Mentored by the Best

107 Packers played during the nine years Vince Lombardi coached in Green Bay. Two of those men, Bob Long and Tom Brown, also played for Vince in 1969 in Washington. 45 of the remaining 105 played for at least one other Hall of Fame coach during their NFL careers. Three of those 45 actually played for more than one other Hall of Fame coach.

In addition to three games for Lombardi, kicker Ben Agajanian also appeared in one game for Greasy Neale, 12 games for Steve Owen, 17 games for Sid Gillman and three for Hank Stram. That’s five Hall of Fame coaches for the itinerant footman!

Receiver Gary Barnes played for Lombardi as a rookie in 1962, for Tom Landry in 1963 and for George Halas in 1964. Three Hall of Fame coaches in three years. In 1965, he took a giant step down and played minor league ball before becoming one of the first two players signed by the expansion Atlanta Falcons for 1966. He eventually became a municipal court judge in Clemson, South Carolina.

Center Bill Curry played two years with Lombardi, three with Don Shula and one-half season with Sid Gillman. He has frequently spoken and written about the differences of his first two charismatic NFL coaches. In essence, his opinion seems to be that Lombardi unpleasantly forced him to grow up and become a man, and while Curry is grateful for that, Shula was more humane.

Here’s the Hall of Fame coach breakdown:

Tom Landry (11): Adderley, Barnes, Borden, Butler, Caffey, Cvercko, Folkins, Gregg, McIlhenny, Norton, Roach.

Paul Brown (7): Bob Brown, Carpenter, Davis, Freeman, Jordan, Quinlan, A.D. Williams.

George Allen (7): Currie, Dowler, Gremminger, Iman, Moore, Pitts, Robinson.

Don Shula (5): Tim Brown, Curry, Fleming, Grimm, Kostelnik.

George Halas (3): Barnes, Bettis, Bratkowski.

Weeb Ewbank (3): McHan, Mercein, Thurston.

Sid Gillman (3): Agajanian, Curry, Whittenton.

Chuck Noll (3): Gros, Rowser, Voss.

Steve Owen (2): Agajanian, Tunnell.

Bud Grant (2): Dale, Hackbart.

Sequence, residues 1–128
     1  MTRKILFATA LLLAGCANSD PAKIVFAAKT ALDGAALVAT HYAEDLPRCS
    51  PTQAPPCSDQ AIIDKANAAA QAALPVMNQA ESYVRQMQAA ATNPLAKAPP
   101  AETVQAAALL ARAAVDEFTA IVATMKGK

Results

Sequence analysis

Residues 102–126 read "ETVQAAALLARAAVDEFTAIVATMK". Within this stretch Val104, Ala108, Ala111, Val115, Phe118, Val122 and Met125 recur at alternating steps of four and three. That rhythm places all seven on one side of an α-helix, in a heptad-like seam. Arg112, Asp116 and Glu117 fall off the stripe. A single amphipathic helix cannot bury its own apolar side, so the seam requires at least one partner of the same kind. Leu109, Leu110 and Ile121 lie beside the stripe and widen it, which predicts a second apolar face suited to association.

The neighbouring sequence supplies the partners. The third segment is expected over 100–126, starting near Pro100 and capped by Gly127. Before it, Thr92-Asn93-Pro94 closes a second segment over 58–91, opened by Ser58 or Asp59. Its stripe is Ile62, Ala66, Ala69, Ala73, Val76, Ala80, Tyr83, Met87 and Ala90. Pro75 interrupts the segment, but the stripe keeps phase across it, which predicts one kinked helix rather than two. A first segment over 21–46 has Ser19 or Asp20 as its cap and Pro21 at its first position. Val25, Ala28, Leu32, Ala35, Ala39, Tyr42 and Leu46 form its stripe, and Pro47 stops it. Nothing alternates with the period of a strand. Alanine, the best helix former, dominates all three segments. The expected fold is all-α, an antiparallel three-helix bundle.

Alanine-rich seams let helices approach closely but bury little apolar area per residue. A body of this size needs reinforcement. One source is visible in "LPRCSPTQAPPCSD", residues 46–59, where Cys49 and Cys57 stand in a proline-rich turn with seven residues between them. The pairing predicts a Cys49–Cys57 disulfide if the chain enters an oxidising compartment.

John Madden (2): Ben Davidson, Howie Williams.

Greasy Neale (1): Agajanian.

Hank Stram (1): Agajanian.

A few other coaches who may one day be elected to the Hall also employed Lombardi players. Buddy Parker used eight, Buck Shaw two, Chuck Knox two and Don Coryell and Lou Saban one a piece.

(Custom Ben Agajanian 1961 Fleer, custom 1962 Topps Gary Barnes and custom 1966 Philadelphia Bill Curry)

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The Svendsen Brothers

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The only brothers in the Packers Hall of Fame were both centers from Minnesota who played in Green Bay in the 1930s.

Older brother George played for the Gophers from 1932-34 before signing with the Packers in 1935. The 6’4” 230 pounder was the bigger and better brother and was especially noted for his range as a hard-hitting linebacker on defense. He played for the Packers from 1935-37, played pro basketball for the Oshkosh All-Stars of the National Basketball League in the 1937-38 season and then coached high school football in 1938 and 1939.

George returned to the Packers in 1940, made second team All-Pro in 1941 and then went into the Navy. After the War, George spent four years as the Minnesota line coach, worked as a broadcaster for the team for two decades, scouted for the 49ers and was involved in the family’s electrical supply business.

Younger brother Earl “Bud” Svendsen played for three-straight national champions at Minnesota from 1934-36. Drafted in the fourth round in 1937, he joined George on the Packers that year. While George coached high school in 1938, Bud coached Kirkland Teacher’s College in Missouri that year before returning to Green Bay in 1939. Bud was activated for the 1938 title game against the Giants, and New York coach Steve Owen lodged a protest with the league until he realized it was Bud, not George.